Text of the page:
any European country, and as it turned out I felt even more safe than in any other country I have been in,
Norway included. Tatarstan is a place I intend to go back to with my daughters, and my only regret is that I
had such a short time.

I had discussed proper clothing for the trip with my teacher, and decided that since I was going to visit both a
Mosque and several Orthodox Churches, I needed a long skirt and a long sleeved jacket to cover my arms.
On my hunt for those, I first came to a shop where I explained that I needed a long skirt to wear to church,
and she came with a skirt in violet, red and yellow. In my younger days I would have loved it, but I did not find
it appropriate for an Orthodox Church, I was more looking for a discrete black one. Next I saw the word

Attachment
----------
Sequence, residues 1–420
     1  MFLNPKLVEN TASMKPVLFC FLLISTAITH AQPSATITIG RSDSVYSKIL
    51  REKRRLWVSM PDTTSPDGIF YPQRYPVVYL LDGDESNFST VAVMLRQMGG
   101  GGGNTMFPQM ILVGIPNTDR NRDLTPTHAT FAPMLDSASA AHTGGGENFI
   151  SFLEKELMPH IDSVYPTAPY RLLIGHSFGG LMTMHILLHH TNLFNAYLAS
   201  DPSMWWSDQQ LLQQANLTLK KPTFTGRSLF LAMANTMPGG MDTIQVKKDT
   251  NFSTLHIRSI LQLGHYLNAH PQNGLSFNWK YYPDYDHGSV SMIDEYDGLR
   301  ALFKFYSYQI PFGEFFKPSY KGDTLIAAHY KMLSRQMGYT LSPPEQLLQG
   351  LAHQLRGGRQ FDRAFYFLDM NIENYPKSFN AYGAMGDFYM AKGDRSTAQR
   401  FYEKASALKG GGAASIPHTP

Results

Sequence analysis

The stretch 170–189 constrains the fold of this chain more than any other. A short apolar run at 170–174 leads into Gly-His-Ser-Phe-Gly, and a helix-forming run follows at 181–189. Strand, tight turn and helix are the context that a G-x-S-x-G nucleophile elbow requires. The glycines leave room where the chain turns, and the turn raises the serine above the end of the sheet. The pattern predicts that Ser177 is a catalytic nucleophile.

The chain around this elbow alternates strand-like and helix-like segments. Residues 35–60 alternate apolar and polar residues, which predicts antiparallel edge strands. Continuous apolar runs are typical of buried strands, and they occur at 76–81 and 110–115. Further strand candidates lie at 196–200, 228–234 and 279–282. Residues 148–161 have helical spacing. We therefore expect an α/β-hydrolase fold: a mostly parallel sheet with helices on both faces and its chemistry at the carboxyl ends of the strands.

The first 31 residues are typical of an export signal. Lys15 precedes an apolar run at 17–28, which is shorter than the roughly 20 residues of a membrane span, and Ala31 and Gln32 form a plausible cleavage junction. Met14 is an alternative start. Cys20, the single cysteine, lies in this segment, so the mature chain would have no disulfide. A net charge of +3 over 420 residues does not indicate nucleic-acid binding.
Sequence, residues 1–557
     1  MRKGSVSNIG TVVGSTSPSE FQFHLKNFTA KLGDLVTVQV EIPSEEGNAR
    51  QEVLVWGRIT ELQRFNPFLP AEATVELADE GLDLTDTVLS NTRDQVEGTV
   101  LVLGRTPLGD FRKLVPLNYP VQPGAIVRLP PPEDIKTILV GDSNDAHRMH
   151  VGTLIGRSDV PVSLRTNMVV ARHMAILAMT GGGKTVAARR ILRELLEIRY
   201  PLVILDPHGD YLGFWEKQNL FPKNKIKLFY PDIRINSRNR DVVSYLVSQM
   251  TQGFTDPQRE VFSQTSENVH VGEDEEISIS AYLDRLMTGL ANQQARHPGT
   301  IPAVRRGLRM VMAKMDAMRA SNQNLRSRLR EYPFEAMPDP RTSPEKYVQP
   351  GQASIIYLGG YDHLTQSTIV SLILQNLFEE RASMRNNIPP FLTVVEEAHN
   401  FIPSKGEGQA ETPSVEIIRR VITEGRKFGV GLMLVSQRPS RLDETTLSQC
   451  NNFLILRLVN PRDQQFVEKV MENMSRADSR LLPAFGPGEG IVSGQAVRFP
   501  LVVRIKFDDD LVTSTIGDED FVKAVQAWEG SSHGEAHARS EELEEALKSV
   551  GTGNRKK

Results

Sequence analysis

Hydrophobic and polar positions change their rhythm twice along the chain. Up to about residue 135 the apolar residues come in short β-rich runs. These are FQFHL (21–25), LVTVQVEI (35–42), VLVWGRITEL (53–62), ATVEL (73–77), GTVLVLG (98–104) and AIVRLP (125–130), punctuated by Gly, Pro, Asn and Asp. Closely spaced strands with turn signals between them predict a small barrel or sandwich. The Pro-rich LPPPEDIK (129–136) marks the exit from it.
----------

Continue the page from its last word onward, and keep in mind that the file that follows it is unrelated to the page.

"manufaktura" on a shop sign, which in Norwegian is the old word for clothing, so I charged into the shop,
stopping in total confusion and bewilderment as I realised that I was actually at a fish monger's, and saw
when I came out that I had overlooked the vital word 'ribnaya' in front of manufaktura. No chances of finding
my black skirt there :-)

I browsed through a few more shops, but either the skirts were too heavy, too many colours, too many frills,
or too long! Russian women must be very tall ( or they must be expected to wear insanely high heels)
because a lot of the skirts I found must have been intended for women who were 1.80, and only when putting
the waist right under my breast was it possible to wear them without them sweeping the ground. With my
1.68, that is usually not a problem, but here it definitely is. I found the perfect skirt and the perfect jacket in
the end, discrete black skirt with no frills, and discrete long sleeved jacket. I got a bit mad at the saleswoman
though. One of the things I like about Russia is that they have the exact right level of attention in shops. They
ask if you need help, and when they see that you just want to browse they leave you alone until you ask for
help. Perfect. This particular shop assistant probably had a non Russian background and she kept hovering